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The analysis further indicates that at any one time only 10-14,000 people were involved in the posting of 322,999 tweets, representing an average of 12% of unique users, with 90% of their content being retweets. . This type of behavior can be characterized as artificial amplification which, according to Twitter, is platform manipulation because it “aims to generate traffic or the attention of a conversation”.
According to Twitter’s own policies, any “coordinated activity, which attempts to artificially influence conversations through the use of multiple accounts, fake accounts, automation and / or scripts” is a violation of their platform. However, this remains an uncontrolled principle of their policies with regard to Pakistan. To understand TLP account coordination, I used Hoaxy, a tool created by Indiana University that uses machine learning to classify whether an account associated with a hashtag is human or bot-like. The result indicates the prevalence and interconnection of accounts classified as bots by Hoaxy.
Here it is relevant to ask why there was so much coordination, what kind of narrative was being peddled by a right-wing religious party. The answers to these questions become evident when we examine the content posted by users through three hashtags. One of the hashtags (# کل_تک_معاہدہ_پوراکرو) called on the Pakistani government to expel the French ambassador during the day because of blasphemous comments made earlier by the French president.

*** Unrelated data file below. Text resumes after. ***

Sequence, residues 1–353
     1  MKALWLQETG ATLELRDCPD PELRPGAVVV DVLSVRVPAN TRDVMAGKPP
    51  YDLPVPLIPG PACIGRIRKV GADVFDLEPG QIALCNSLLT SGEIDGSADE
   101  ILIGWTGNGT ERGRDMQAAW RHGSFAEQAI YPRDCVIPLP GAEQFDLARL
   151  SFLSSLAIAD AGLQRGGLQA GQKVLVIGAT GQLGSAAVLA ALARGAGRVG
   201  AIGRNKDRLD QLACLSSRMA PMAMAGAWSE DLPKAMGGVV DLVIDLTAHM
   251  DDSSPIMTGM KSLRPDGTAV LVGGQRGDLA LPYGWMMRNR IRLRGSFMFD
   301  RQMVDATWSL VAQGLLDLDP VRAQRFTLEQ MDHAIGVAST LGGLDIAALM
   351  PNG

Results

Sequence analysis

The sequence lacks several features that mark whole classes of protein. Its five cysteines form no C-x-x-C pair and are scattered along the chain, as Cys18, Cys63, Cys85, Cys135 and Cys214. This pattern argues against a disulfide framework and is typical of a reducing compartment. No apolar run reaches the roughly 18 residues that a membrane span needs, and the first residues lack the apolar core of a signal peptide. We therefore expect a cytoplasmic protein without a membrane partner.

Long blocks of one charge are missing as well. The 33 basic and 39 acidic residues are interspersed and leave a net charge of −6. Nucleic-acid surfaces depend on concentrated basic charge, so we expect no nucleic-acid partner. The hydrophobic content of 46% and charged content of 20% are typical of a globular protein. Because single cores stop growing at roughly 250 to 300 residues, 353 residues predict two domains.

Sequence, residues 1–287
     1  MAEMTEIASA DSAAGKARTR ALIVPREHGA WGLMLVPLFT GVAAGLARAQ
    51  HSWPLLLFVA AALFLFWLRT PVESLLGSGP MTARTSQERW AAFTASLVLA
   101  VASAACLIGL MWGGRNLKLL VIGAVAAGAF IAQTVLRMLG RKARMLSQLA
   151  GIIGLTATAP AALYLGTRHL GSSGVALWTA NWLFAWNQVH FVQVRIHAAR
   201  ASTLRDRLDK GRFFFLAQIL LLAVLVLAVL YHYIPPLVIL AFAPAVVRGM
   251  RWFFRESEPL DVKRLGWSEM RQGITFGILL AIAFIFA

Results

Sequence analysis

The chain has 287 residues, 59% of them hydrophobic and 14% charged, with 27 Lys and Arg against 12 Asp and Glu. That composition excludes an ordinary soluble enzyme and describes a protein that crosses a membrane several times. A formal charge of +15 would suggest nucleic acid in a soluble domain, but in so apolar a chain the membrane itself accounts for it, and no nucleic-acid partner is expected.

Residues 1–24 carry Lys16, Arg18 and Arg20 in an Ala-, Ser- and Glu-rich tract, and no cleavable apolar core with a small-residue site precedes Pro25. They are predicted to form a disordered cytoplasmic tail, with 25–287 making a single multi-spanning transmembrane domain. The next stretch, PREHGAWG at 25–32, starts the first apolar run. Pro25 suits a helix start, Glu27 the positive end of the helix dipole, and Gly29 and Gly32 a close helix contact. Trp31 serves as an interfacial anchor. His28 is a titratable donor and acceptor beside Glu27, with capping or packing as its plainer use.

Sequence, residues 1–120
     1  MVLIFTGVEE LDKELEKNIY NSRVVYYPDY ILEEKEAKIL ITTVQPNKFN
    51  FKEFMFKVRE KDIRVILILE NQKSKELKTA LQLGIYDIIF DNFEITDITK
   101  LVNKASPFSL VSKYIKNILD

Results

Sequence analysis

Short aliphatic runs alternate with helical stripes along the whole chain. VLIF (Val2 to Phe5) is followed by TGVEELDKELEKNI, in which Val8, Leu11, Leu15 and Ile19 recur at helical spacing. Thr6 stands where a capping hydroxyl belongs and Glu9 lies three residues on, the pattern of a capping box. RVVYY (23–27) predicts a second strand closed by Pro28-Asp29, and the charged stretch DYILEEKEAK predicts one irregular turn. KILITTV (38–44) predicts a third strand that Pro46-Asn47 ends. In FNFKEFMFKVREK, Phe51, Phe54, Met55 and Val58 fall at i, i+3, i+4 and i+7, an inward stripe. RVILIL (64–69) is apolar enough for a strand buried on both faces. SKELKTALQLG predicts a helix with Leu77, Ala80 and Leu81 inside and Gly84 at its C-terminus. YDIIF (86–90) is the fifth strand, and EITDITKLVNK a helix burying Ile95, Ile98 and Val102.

The tweets were loaded with false information and fabricated in the form of images and videos to trick people into participating in violent protests in which at least seven police officers died. In another hashtag (# لبیک_ناموس_رسالت_مارچ), TLP urged people to join their march to the capital with the aim of disrupting the government and expelling the ambassador, which according to Twitter amounts to “harmful activity that promotes behavior ”of violence offline and is therefore deemed prohibited on their platform.
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Therefore, the results allow me to infer how Twitter neglects to curb hate speech emanating from countries in the South. Extremist groups, regardless of their background, have developed “attention hacking” techniques to increase the visibility of their ideas through the strategic use of social media, memes, and bots to distribute content. The far right exploits the rebellion of young men and incites them to adopt violent measures and social media platforms play directly in the hands of these exploiters.
In addition, it is impossible for platforms to monitor every bit of information that passes on their platform, so there is a need for them to adopt an indigenous and collaborative governance structure with local administrative bodies to ensure that their platforms are not manipulated during the broadcast. hatred, violence and polarization. A good way to start would be to open local offices in each country or region and develop a better understanding of local issues and cultural sensitivities.
The author is Assistant Professor of Communication at NUST and specializes in computational social sciences and digital data analysis. He can be contacted at [email protected] The opinions expressed in the article are those of the author and do not necessarily reflect the editorial policy of Global Village Space.